The situation is an excellent example of how the idea of "race" is a fallacy. (Ask any decent geneticist.) Which, IMO, really calls into question the entire basis of identity politics. Are these girls black? Are they white? Is one black and one white? If so, how can that be?

    To call these girls "black" or "white" is just as fallacious as calling Barry O our first Black President. (Everyone knows Bill Clinton was.)

    By Anonymous Starless, at Tue Feb 17, 01:25:00 pm GMT-5  

  • Funny, but my first impression was "What fun!"

    We have an adopted Ethioian son (Adult. Long story.) My father enjoyed telling people about his grandchildren....

    But one of my kids in particular refers to him regularly as her brother (he was an adult -- college age when we adopted him, she was in middle school). When that movie "Garden State" came out the adult biological kids all alerted each other with a "must see" -- as one part features the white protagonist identifying the black guy walking down the stairs at his parents' house as "oh that's my brother..." (Of course the fact that the mother did CPR on a hamster sealed the deal for them. That also is in my repertoire. This was part of son-in-law to be's introduction to our family.)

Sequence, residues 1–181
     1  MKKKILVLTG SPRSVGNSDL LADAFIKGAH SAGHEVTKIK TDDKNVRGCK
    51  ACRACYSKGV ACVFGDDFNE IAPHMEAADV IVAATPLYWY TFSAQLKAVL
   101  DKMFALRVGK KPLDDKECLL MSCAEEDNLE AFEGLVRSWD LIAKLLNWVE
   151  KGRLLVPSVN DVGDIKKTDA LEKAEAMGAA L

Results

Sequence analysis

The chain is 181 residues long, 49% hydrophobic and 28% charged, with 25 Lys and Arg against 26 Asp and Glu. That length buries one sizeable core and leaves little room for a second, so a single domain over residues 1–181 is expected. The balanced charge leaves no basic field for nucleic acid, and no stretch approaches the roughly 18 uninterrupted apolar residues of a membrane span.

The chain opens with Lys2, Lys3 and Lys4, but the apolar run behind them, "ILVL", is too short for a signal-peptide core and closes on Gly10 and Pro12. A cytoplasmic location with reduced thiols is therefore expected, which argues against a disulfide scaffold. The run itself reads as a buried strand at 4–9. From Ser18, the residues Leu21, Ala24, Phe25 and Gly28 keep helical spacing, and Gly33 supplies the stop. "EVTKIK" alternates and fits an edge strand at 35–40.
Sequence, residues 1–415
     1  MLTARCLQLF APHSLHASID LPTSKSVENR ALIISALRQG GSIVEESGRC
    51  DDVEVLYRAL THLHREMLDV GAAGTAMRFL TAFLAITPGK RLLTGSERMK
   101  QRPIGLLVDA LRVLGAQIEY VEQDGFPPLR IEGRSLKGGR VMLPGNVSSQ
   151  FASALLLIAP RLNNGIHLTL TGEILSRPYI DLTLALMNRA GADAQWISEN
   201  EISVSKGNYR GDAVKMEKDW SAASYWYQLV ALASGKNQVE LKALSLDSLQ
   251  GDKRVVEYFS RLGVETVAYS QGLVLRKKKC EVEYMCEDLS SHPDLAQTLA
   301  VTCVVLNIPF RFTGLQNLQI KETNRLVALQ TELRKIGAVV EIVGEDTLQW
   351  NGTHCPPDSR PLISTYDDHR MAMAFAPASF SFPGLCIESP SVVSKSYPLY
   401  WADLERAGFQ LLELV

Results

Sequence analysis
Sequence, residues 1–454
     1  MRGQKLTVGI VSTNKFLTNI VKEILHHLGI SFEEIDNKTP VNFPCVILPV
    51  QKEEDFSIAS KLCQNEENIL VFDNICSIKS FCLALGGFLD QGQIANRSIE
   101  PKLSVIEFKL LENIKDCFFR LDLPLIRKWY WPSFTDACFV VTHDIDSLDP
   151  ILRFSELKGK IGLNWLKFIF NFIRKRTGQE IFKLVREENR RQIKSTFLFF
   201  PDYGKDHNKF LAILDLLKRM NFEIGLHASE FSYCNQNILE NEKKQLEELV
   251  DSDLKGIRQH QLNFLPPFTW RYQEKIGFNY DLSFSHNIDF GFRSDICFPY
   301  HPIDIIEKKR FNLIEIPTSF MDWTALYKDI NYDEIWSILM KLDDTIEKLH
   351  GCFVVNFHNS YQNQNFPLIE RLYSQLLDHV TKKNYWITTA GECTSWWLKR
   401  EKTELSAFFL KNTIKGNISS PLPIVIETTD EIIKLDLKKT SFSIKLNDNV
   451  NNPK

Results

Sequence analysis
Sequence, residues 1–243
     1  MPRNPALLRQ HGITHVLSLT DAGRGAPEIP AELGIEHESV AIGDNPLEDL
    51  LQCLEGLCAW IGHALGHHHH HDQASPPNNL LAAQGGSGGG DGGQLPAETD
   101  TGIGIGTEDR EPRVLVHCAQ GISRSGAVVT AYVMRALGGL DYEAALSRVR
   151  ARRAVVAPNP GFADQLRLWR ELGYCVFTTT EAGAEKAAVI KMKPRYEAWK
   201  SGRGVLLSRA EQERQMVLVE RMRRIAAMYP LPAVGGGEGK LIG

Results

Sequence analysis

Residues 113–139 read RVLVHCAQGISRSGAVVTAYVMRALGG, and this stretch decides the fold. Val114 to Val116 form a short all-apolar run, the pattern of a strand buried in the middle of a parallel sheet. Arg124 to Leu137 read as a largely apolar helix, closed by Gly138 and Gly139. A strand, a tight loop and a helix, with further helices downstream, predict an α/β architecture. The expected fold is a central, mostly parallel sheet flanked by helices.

Back to genetics though -- said Ethiopian son married an American black girl who has family members with Lumbee Indian blood. Lumbee Indians are a recently (I think) recognized group in eastern North Carolina, many with light skin and gray eyes.

    I have blue eyes. My husband is obviously homozygous brown. 4 kids, not one gray or blue eye in the bunch. Ethiopian son has two girls. Both he and his wife are brown eyed. One girl has brown eyes, one has the most beautiful truly gray blue eyes I have ever seen.

    Now *that* I said to them, is simply *not fair.* Not to mention weird.

    By Blogger JAL, at Tue Feb 17, 05:47:00 pm GMT-5  

  • I was at a bus stop at Clark AB with a Filipina, and her explaining to me that her children, which ranged from quite light to very dark, were all from the same father.

    I figured it was possible since she claimed a black grandfather, IIRC, and said her husband was white, but also figured that very few people would believe her. I just hoped that one of them was her husband.